What ethical missions can appropriately intersect with corporate profits in the context of mass tort settlements that call for continuing sales of products that involve controversies of some kind? When settlements call for continuing sales of controversial products, how should societies think about those questions? Issues of this sort are on more and more radar screens today because some past and contemplated mass tort settlements involve continuing sales of products that are controversial in one way or another.
One controversial settlement involved cancers caused by smoking, and the related expenses. Specifically, the national tobacco settlement in the US addicted states to cigarette sales tax revenue. The settlement thus insured continuing existence of the companies and sales of cigarettes at increased prices shifted much of the financial burden of the settlement from shareholders to smokers paying higher prices for cigarettes.
Currently, one reads stories about possible structures for resolving opioid claims through some form of public interest owned entity that would continue to sell opioids and channel profits to pay claims for current opioid harms (or alleged harms). In that light, it’s interesting to read and think about a September 30, 2019 Financial Times article that explores some of the issues/conflicts inherent within the ownership structure of a major diabetes drug maker, Novo Nordisk. In short, the article addresses perceived or actual conflicts between Novo’s diabetes drug prices and the “scientific and humanitarian mission” of the Novo Nordisk Foundation that owns 76% of the shares of the profit-making entity and manufacturer, Novo Nordisk.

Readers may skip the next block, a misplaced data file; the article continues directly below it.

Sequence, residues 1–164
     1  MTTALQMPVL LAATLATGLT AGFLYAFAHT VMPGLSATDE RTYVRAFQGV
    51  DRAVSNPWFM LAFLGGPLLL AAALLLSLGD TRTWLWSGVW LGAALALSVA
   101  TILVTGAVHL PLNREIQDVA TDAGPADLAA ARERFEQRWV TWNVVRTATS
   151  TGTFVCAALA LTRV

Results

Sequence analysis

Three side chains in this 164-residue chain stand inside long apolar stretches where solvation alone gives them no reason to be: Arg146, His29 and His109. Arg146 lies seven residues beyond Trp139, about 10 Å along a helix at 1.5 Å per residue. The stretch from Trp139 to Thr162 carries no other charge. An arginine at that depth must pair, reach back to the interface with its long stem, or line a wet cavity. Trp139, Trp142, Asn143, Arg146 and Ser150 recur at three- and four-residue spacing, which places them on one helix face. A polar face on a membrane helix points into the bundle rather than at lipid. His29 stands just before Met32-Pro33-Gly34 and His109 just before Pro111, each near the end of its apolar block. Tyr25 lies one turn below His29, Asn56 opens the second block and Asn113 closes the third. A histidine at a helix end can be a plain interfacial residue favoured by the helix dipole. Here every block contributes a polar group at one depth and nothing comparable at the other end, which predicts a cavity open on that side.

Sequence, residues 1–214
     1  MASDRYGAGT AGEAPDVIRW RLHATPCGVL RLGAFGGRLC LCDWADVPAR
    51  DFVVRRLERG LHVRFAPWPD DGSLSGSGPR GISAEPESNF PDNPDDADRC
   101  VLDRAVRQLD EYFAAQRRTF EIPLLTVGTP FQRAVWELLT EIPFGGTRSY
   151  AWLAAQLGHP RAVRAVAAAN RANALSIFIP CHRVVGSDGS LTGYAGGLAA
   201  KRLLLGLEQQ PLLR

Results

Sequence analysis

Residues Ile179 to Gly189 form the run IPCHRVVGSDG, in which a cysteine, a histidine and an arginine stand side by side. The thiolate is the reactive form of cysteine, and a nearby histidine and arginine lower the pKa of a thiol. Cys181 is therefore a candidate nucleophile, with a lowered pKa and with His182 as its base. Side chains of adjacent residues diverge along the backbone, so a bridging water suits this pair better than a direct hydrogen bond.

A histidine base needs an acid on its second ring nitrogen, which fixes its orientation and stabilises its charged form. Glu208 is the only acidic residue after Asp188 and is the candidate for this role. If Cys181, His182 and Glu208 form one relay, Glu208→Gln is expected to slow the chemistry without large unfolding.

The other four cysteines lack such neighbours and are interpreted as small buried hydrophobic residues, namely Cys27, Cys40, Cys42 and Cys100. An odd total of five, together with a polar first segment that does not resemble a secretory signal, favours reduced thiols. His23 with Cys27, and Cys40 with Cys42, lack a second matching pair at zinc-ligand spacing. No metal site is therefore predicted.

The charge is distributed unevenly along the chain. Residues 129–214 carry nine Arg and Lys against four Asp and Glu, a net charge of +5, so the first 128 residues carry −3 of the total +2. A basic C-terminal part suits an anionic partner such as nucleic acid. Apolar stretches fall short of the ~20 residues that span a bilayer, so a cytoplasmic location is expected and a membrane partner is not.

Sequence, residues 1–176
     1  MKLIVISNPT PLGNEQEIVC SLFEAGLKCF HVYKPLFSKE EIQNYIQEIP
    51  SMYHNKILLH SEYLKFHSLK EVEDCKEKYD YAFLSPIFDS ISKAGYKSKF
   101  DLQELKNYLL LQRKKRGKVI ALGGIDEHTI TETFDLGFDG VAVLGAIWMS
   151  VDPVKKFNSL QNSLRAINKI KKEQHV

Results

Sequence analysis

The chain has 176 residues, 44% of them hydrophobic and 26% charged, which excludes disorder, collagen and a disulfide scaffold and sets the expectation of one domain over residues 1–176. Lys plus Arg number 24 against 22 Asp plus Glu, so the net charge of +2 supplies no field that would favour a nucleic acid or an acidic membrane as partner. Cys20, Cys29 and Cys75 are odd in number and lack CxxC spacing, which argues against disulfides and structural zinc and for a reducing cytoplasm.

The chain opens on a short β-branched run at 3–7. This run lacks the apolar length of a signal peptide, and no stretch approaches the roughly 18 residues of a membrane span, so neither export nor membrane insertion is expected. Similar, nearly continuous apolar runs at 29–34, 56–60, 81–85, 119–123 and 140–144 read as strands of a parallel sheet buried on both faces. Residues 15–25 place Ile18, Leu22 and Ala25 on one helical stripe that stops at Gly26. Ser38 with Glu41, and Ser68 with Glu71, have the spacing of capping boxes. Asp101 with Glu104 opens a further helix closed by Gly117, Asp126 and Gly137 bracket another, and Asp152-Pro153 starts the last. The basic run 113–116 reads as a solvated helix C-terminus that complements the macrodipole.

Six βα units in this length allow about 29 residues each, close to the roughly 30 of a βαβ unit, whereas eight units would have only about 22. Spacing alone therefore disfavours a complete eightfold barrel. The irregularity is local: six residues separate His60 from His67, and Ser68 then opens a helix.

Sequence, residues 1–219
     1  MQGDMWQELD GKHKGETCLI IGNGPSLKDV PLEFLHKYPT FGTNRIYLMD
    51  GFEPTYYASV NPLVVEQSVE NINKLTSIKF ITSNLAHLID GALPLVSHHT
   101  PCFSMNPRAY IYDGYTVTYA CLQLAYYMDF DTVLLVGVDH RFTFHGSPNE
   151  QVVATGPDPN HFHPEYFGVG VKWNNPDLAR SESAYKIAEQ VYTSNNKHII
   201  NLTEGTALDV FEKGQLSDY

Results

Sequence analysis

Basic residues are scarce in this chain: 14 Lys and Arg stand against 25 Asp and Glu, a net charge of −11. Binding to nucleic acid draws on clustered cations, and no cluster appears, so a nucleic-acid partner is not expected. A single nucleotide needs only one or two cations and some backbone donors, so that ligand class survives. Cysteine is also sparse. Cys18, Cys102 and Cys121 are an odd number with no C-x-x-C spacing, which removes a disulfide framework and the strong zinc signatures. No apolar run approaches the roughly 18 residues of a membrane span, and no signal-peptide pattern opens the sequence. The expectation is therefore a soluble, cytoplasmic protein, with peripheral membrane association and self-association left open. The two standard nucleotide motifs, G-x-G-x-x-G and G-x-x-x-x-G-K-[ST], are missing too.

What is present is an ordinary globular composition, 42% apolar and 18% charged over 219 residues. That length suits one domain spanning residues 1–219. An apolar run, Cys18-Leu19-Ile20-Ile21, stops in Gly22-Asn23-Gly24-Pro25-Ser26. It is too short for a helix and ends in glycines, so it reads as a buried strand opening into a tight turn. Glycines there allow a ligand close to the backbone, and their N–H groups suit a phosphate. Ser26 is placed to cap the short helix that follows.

Among other things, the article presents the following facts, which all seem relevant to the seemingly inevitable conflicts between current and future claimants that arise when ongoing product sales are intended to fund payments for settlement of claims involving past actions:
“For the most part, Novo Nordisk’s story over the decades has been one of sustained profits and a rising share price. Over the past 25 years it has outperformed the global pharma sector in total shareholder return more than sixfold, according to FT calculations, by over 70 per cent in the past decade, but only by 1 per cent in the past five years.
The company hit a significant bump in the road in 2016, which served to test the durability of its “profits with a purpose” approach. Shares tumbled 15 per cent in a day after it halved its long-term financial targets, warning of the impact of pricing pressures in the US, and it was forced to make 1,000 staff redundant.”